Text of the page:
God and me.

I’ve started this post numerous times over the last few weeks. It’s been a long, difficult wait to pour out what is in my heart. But Jesus has been working on me, helping me to weed out the things that don’t belong there.

Hurt feelings.

Critical thoughts.

A desire to please others over Him.

He’s managed to spoon feed me all sorts of wonderful verses, sermons and wisdom from fellow believers. He is so good to me.

And this is my thank you note to Him. For Him. About Him.

It’s my story, but it’s really His story. The teeny tiny part of His story where it intersects with my life. And how loving Him has changed me, and continues to change me…

I spent a summer in France and fell in love with it’s sophistication, it’s baguettes… and it’s cigarettes. It didn’t take long and I was hooked, I’d go through three packs on a good day. And as much as I tried, I could. not. quit. Eventually I came to detest so much about smoking, how unhealthy it was, how the smell covered my clothes, my hair, how I couldn’t live a day without it. And yet, I loved it. I leaned on it. Smoking soothed my soul, if only momentarily.

I’m ashamed to say, even when I found out I was carrying my precious first child, I still could not manage to quit smoking. I justified it, “My mom smoked when she was pregnant with me, and I turned out alright…” and made other excuses that satisfied my guilt. But inside I felt awful about doing something I didn’t want to do, but really couldn’t stop myself from doing. Something that was unhealthy for me, and unhealthy for those around me.

Thankfully once my daughter was born, with all the shock and trauma and absolute wonder of being momma to that little life, I quit. Cold turkey, in fact. I never picked up another cigarette.

And blessedly, she turned out alright.

But over the years I have had a recurring dream in which I am smoking again. Like a chimney, in fact. And, upon realization of this, I am panic-stricken, wondering “how will I break the news to my loved ones that I’d started smoking again? Will they know? Should I try to hide it?” In my dream I’m defeated. Depressed. I’ve let them down. And I’ve let myself down.

I hated having to endure those dreams.

But in my waking hours, those dreams renewed my gratitude for the decisions I’d made. Once fully awake, I’d shake off the dream, and relief would settle on me like a warm blanket. The sky was bluer, the clouds fluffier, the world more lovely knowing it was just a dream. And knowing that I had really endured and stayed the course, stayed true to myself, even when it wasn’t easy.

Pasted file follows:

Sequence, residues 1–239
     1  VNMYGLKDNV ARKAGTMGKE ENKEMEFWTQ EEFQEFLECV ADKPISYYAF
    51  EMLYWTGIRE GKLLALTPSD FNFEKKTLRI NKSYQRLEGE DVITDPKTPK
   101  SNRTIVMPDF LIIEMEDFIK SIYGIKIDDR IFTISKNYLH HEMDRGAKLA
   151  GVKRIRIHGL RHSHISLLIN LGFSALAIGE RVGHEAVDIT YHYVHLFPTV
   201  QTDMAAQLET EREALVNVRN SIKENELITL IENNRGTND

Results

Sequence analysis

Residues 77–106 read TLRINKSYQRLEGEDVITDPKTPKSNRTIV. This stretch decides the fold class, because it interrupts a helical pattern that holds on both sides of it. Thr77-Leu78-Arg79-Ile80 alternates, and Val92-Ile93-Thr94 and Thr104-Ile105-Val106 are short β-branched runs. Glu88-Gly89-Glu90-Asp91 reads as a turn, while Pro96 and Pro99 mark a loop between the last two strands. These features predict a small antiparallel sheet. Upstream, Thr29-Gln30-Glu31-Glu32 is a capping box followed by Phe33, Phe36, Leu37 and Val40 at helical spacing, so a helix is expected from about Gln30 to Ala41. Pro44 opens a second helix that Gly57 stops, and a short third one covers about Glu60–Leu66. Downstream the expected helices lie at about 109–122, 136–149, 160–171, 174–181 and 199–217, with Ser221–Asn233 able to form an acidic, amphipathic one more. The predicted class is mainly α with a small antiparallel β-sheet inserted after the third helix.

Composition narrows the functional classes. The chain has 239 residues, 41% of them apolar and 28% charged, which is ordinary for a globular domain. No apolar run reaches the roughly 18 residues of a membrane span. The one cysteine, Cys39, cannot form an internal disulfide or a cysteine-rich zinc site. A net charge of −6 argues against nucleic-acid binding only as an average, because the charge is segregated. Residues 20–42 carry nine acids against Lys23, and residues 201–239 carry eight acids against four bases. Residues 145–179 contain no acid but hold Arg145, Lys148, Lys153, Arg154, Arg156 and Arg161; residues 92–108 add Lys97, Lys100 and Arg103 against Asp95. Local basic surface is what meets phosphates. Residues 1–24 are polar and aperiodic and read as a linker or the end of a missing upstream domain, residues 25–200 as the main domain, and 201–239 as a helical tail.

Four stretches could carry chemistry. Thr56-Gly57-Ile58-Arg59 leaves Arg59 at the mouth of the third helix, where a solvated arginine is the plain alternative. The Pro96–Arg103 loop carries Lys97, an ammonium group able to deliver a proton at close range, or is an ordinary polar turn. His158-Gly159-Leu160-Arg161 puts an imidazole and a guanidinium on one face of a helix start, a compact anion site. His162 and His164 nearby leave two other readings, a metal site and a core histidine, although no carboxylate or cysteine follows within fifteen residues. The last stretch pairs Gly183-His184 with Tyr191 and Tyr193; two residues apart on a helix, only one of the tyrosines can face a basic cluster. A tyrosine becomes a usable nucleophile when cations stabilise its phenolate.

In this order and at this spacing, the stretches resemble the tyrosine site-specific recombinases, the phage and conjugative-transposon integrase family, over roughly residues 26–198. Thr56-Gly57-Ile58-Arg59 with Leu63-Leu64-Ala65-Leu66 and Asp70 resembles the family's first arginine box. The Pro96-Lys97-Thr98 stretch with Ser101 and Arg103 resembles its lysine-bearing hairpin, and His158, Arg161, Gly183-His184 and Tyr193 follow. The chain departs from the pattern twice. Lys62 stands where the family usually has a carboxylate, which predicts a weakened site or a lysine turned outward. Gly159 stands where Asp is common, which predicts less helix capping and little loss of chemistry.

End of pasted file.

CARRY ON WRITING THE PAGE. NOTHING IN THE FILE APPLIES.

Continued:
This is a most insignificant parallel to my feelings about the call Jesus placed on our lives. We were headed one direction, a direction that in the world’s eyes was ‘normal’ and thoroughly ‘acceptable’, but that for us, and our relationship with Him, wasn’t healthy. It focused on ourselves, our needs, our desires, and placing those above Him and His heart. It was self-soothing, self-seeking and focused on worldly possession and goals. And as we grew closer to Him, we realized that it was unhealthy for us and for our relationship with Him to continue on in the direction we were headed. So we fully laid our plans down at His feet. And asked for His plans in return.

And I believe that when I wake up in heaven one day, when my life is over and done, that I will be so glad, so relieved, so full of joy that we answered His call on our lives. And didn’t turn back or give up when it got difficult, but kept running the race He’d laid out for us. Instead of trusting in our own abilities, we relied on on Him and His promises. I believe this down to my very soul. The truth is, I’m betting my life on it.

Because shortly after my husband and I prayed that prayer, that He show us His plan for our lives, He stopped us dead in our tracks. My husband had an undeniable encounter with God. And subsequently, our lives were changed. We dropped our old habits and picked up the new life He had for us. I’m not gonna lie, it’s been an effort, and we fail daily, but the success or failure of my efforts isn’t what God is after. I could ‘work’ all day for Him, and if my heart isn’t seeking to know Him, trust Him and walk with Him, it would all be worthless.

What God wants from us is a desire to seek His will above our own. To hear His voice above all others. To worship Him with our whole hearts. And He wants us to reply with an unqualified YES when He calls.